Dred Scott and his landmark Supreme court case are ingrained in the national memory, but he was just one of multitudes who appealed for their freedom in courtrooms across the country. Appealing for Liberty is the first study of its kind to give voice to these African Americans, drawing from more than two thousand suits and from the testimony of more than four thousand plaintiffs from the Revolutionary Era to the Civil War. Through the petitions, evidence, and testimony introduced in these court proceedings, the lives of the enslaved come sharply and poignantly into focus, as do many other aspects of southern society. This book depicts in graphic terms, the pain, suffering, fears, and trepidations of the plaintiffs while discussing the legal system-lawyers, judges, juries, and testimony-that made judgments on their "causes," as the suits were often called. Arguments for freedom were diverse: slaves brought suits claiming they had been freed in wills and deeds, were born of free mothers, were descendants of free white women or Indian women; they charged that they were illegally imported to some states or were residents of the free states and territories. Those who testified on their behalf-usually against leaders of the communities-were generally white. So too were the lawyers who took these cases, many of them men of prominence, such as Francis Scott Key. More often than not, these men were slave owners themselves-complicating our understanding of race relations in the antebellum period. A majority of the cases examined here were not appealed, nor did they create important judicial precedent. Indeed, most of the cases ended at the county, circuit, or district court level of various southern states. Yet the narratives of both those who gained their freedom and those who failed to do so, and the issues their suits raised, shed a bold and timely light on the history of race and liberty in the "land of the free."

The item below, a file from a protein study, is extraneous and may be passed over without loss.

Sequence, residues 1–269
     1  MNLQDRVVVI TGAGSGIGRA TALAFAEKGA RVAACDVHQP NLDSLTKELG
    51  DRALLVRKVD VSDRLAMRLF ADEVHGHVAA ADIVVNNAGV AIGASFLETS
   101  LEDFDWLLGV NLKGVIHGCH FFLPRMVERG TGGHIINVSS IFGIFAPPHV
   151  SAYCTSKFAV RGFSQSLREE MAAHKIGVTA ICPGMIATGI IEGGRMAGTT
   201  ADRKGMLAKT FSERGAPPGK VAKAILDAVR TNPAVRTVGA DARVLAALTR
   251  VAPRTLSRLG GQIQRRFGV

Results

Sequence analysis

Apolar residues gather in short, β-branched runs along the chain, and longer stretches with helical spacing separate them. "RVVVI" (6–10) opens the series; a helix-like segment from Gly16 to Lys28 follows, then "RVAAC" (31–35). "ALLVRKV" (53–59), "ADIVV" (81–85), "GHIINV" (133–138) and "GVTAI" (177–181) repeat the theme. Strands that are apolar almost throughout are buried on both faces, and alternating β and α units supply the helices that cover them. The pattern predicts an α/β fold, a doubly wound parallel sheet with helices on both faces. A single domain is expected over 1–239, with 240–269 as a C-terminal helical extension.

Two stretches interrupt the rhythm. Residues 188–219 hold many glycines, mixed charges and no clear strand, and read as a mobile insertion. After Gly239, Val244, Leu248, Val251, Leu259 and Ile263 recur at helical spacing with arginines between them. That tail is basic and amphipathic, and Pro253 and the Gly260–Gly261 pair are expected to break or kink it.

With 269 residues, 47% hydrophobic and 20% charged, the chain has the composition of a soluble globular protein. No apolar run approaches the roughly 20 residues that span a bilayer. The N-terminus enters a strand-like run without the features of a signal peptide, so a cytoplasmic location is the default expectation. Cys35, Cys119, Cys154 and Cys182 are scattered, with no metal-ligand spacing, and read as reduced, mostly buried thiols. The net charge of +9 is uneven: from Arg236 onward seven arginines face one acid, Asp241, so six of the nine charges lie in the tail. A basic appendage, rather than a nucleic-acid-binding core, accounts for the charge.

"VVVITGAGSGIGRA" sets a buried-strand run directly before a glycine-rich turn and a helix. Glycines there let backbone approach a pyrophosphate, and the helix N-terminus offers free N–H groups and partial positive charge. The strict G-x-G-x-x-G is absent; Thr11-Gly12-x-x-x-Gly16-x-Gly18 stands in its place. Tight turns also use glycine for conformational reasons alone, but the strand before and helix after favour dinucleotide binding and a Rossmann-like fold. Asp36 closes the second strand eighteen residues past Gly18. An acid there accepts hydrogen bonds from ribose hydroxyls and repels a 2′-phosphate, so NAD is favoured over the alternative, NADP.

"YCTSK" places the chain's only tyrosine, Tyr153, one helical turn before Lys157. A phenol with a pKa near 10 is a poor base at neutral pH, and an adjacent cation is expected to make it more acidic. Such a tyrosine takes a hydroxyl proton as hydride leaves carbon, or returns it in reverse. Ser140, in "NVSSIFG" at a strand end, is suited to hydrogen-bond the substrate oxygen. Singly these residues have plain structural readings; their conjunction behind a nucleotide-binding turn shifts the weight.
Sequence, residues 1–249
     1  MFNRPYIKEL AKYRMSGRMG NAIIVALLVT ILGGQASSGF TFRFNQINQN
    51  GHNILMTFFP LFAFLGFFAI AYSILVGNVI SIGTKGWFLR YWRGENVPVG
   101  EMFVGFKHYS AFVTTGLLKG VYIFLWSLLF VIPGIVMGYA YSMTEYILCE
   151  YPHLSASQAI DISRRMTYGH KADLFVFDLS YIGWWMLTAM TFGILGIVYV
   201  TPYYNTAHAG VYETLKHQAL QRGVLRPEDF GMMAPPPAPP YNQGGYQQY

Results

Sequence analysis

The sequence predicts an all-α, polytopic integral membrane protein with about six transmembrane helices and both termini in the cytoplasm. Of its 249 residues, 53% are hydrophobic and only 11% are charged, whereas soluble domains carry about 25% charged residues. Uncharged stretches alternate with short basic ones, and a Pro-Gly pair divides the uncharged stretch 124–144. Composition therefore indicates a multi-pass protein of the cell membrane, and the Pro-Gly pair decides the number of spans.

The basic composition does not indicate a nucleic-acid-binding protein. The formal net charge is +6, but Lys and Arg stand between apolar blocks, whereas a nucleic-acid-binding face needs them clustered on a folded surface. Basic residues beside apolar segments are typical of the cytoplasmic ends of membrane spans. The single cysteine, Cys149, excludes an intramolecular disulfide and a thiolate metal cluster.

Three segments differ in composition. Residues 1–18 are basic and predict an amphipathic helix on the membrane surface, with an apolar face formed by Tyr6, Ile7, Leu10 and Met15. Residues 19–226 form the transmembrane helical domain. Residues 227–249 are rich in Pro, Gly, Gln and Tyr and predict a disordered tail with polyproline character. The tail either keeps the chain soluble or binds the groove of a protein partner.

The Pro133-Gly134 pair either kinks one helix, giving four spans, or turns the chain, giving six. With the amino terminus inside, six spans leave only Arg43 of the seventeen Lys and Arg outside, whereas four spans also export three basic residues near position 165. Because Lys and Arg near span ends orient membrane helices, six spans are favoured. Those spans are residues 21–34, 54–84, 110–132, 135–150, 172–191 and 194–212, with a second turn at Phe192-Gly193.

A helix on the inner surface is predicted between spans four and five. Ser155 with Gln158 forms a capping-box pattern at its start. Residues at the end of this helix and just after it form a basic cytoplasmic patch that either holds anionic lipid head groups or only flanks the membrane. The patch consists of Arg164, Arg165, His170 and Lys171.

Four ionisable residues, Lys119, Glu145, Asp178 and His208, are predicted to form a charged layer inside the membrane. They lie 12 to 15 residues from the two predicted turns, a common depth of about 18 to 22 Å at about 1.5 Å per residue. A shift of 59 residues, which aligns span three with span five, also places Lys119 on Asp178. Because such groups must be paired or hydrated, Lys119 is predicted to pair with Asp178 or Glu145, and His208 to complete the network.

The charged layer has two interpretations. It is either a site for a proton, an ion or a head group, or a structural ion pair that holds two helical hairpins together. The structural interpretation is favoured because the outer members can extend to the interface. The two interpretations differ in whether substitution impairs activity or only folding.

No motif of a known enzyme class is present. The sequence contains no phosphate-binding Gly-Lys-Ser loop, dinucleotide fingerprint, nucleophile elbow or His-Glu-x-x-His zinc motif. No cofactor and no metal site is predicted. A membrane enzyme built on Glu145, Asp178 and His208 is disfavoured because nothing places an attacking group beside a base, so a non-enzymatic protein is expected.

Imperial Citizen examines the intersection between Ottoman colonialism, control of the Iraqi frontier through centralization policies, and the impact of those policies on Ottoman citizenship laws and on the institution of marriage. In an effort to maintain control of the Iraqi province, the Ottomans adapted their 1869 citizenship law to prohibit marriages between Ottoman women and Iranian men. This prohibition was an attempt to contain the threat that the Iranian Shi'a population represented to Ottoman control of their Iraqi provinces. In Imperial Citizen, Kern establishes this 1869 law as a point of departure for an illuminating exploration of an emerging concept of modern citizenship. She unfolds the historical context of the law and systematically analyzes the various modifications it underwent, pointing to its farreaching implications throughout society, particularly on landowners, the military, and Sunni women and their children. Kern's fascinating account offers an invaluable contribution to our understanding of the Ottoman Iraqi frontier and its passage to modernity.